# Why can't the RSA algorithm be used for symmetric key infrastructures?

If RSA is an encryption algorithm used to create an asymmetric key pair and digital signature, why can't it also be used to create a symmetric key?

Even if RSA is used to create public keys, why can't it be used to create symmetric keys?

As a matter of fact, you can create symmetric keys with RSA. The math behind RSA allows for it. But if this ever happens, it is a horrible mistake, and it's completely pointless to try doing this on purpose because nobody in his right mind would want to use RSA for symmetric encryption. It's way less efficient and nobody uses RSA to encrypt large amounts of data - usually you just use it to encrypt a random symmetric key or a hash (for signatures).

Basically textbook RSA works like this: generate two primes p and q, then determine an integer e < (p-1)(q-1) so that e has no common divisors with (p-1)(q-1).

Now determine the modular inverse d of e, meaning that (e*d) mod ((p-1)(q-1)) = 1

If you're very unlucky, you end up picking e, p and q so that e is it's own modular inverse. So you end up with e = d. If that happens, you have created a symmetric key.

This always happens sooner or later when you have people try and understand how RSA works by creating toy keys with very small numbers p and q (which means that you can do the math in your head, but also that RSA becomes trivially breakable). Consider for example p=5, q=7, e=11.

I'd think the chances of accidentally creating symmetric keys with full-size primes (e.g. at least 1024 bits long, and better twice that) are minuscule, and it would take an incredible amount of effort to produce one on purpose using a brute-force approach, which is another reason why nobody does it (Although there might be a way to choose p and q in a way that makes it easy to find a number that is it's own inverse - someone with a background in number theory might know how to do this if it's possible)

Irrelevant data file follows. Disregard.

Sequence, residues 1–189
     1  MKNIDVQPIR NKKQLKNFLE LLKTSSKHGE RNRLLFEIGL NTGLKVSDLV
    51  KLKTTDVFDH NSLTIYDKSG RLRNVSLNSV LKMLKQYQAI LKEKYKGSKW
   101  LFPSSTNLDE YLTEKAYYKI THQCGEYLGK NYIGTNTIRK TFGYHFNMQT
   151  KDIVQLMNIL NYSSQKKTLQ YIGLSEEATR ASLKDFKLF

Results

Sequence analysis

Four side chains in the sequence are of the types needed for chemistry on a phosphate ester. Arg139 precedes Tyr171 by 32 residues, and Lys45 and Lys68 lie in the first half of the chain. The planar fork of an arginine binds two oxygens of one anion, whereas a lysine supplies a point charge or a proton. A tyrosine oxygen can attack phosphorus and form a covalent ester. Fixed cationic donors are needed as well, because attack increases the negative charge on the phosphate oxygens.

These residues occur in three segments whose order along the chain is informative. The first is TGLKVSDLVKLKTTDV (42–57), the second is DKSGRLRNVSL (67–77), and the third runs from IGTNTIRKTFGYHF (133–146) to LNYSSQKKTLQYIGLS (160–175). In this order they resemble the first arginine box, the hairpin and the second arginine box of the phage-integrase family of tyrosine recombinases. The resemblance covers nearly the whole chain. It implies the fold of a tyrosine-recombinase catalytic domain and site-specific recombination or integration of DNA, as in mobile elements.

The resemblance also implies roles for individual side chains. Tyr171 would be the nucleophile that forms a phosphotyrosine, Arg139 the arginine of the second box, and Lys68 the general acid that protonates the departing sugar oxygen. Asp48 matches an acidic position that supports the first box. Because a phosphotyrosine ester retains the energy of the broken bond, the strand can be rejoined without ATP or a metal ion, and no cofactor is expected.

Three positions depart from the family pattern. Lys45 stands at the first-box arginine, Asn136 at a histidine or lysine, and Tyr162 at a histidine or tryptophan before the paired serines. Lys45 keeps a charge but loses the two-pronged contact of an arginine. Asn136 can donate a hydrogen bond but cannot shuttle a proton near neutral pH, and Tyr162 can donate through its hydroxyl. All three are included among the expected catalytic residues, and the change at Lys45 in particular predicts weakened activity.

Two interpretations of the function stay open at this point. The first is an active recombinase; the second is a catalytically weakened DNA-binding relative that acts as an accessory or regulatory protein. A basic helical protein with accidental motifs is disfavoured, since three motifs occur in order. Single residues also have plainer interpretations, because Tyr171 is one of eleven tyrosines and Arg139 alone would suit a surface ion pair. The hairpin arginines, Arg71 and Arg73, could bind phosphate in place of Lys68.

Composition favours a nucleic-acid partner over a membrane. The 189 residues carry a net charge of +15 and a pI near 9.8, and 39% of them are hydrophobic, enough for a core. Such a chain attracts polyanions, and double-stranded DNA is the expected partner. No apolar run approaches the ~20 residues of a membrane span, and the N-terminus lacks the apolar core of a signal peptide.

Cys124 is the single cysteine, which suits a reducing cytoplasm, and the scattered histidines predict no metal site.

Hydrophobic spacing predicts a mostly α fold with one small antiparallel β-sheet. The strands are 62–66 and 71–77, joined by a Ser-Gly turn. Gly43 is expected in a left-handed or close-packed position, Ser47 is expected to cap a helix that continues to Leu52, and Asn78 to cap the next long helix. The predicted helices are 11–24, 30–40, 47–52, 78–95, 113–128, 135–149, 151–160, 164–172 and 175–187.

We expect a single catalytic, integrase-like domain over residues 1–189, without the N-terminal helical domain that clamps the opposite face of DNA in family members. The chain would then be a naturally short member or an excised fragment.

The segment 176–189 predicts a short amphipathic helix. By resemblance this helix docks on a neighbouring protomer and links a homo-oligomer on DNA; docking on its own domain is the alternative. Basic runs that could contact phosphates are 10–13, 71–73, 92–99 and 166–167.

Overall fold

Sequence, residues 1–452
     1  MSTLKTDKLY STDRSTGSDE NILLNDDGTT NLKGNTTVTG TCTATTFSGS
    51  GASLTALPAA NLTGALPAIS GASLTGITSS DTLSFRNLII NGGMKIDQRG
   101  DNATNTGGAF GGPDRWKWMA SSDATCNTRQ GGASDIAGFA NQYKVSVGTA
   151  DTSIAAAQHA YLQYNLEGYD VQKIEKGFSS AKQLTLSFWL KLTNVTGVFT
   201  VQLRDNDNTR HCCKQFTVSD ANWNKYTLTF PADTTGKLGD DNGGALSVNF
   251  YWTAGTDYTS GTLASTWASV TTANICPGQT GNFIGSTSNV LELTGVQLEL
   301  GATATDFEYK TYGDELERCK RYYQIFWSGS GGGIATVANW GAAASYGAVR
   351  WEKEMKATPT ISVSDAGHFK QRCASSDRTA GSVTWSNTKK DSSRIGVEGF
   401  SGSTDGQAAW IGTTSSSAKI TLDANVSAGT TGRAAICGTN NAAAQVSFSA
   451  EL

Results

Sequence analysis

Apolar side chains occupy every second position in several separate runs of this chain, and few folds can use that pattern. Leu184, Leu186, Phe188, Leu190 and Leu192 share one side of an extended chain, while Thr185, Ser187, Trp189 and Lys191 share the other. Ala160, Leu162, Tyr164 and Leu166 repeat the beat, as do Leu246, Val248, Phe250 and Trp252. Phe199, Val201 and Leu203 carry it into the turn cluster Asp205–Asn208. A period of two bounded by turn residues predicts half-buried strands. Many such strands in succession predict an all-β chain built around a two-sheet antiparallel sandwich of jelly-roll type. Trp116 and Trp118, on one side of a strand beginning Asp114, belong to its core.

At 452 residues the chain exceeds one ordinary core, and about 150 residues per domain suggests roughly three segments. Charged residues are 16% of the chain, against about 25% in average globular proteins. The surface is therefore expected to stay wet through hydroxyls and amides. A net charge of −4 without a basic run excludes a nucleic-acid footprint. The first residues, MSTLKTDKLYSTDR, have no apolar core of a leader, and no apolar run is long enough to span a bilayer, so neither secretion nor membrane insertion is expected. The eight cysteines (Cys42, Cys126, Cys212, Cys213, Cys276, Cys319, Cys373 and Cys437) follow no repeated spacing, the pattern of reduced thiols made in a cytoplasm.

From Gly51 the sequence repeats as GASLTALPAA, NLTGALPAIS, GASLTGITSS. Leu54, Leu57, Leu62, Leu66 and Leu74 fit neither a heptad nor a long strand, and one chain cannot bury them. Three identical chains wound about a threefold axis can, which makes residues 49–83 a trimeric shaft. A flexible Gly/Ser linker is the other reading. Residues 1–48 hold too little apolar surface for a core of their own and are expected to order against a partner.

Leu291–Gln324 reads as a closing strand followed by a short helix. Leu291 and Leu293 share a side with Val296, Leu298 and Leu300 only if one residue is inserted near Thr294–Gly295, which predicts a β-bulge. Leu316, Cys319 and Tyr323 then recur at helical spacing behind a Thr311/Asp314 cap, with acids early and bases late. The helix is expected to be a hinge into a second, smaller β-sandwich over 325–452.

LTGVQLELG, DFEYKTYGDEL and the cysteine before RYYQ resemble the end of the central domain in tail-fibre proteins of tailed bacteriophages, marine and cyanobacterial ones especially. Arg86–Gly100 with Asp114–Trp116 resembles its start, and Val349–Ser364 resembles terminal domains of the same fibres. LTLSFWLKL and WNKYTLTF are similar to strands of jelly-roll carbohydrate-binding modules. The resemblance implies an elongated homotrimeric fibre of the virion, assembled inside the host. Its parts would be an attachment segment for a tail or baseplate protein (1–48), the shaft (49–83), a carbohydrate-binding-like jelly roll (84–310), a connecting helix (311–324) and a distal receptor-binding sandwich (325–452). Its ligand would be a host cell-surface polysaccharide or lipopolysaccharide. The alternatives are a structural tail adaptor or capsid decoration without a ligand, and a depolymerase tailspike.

Leaving aside the very good points made by @Pascal, it should be pointed out that - when used properly - you generally can't create a single "key" that is symmetric in RSA (or any other asymmetric algorithm) because the whole point of such algorithms is that the key used for encryption cannot be used for decryption, and vice versa.

As a practical matter, you could generate key-pairs (with both public and private components) and treat that whole blob as a single "secret" (symmetric) key. The encrypt / verify operations would use one part of the blob, and the decrypt / sign operations would use the other part, but you could kind of pretend it would be a single key. This is a really, really silly idea, though. It completely misses the point of asymmetric crypto, and would have massive performance problems (asymmetric crypto is excruciatingly slow, both for using and generating the keys, if using secure key sizes).

It's also not even that secure. See, for example, the comparison of RSA (public) key modulus size and effective bits of security (which in any decent symmetric algorithm is just "the key size"; i.e. AES-128 uses 128-bit keys and would require 2^128 guesses to fully brute-force the key space) in this question.

One potential huge problem for RSA is if quantum computing ever gets going, because that will basically halve the effective bits entropy of most ciphers. For AES, that's no big deal; we can switch from AES-128 to AES-256 and still have 128 bits of effective security, which will still be completely implausible to brute-force for over a hundred years, even if Moore's Law continues apace. However, an RSA-2048 key (probably the most common size in use today) would drop to a piddling 56 bits of effective security - brute-forcible in a day as a private citizen, as of a few years ago - RSA-4096 (the longest RSA keys I've ever seen in the wild) would still be in trouble, and if we wanted the same effective security as AES-256 we'd need to go to RSA-15360. Leaving aside that this would make just the public key nearly 2KB long, it'd take an enormous amount of time to generate or use such keys.

• I don't claim to understand the math behind it, but I believe Shor's algorithm does much more than halve the effective security of RSA. Feb 21, 2018 at 14:04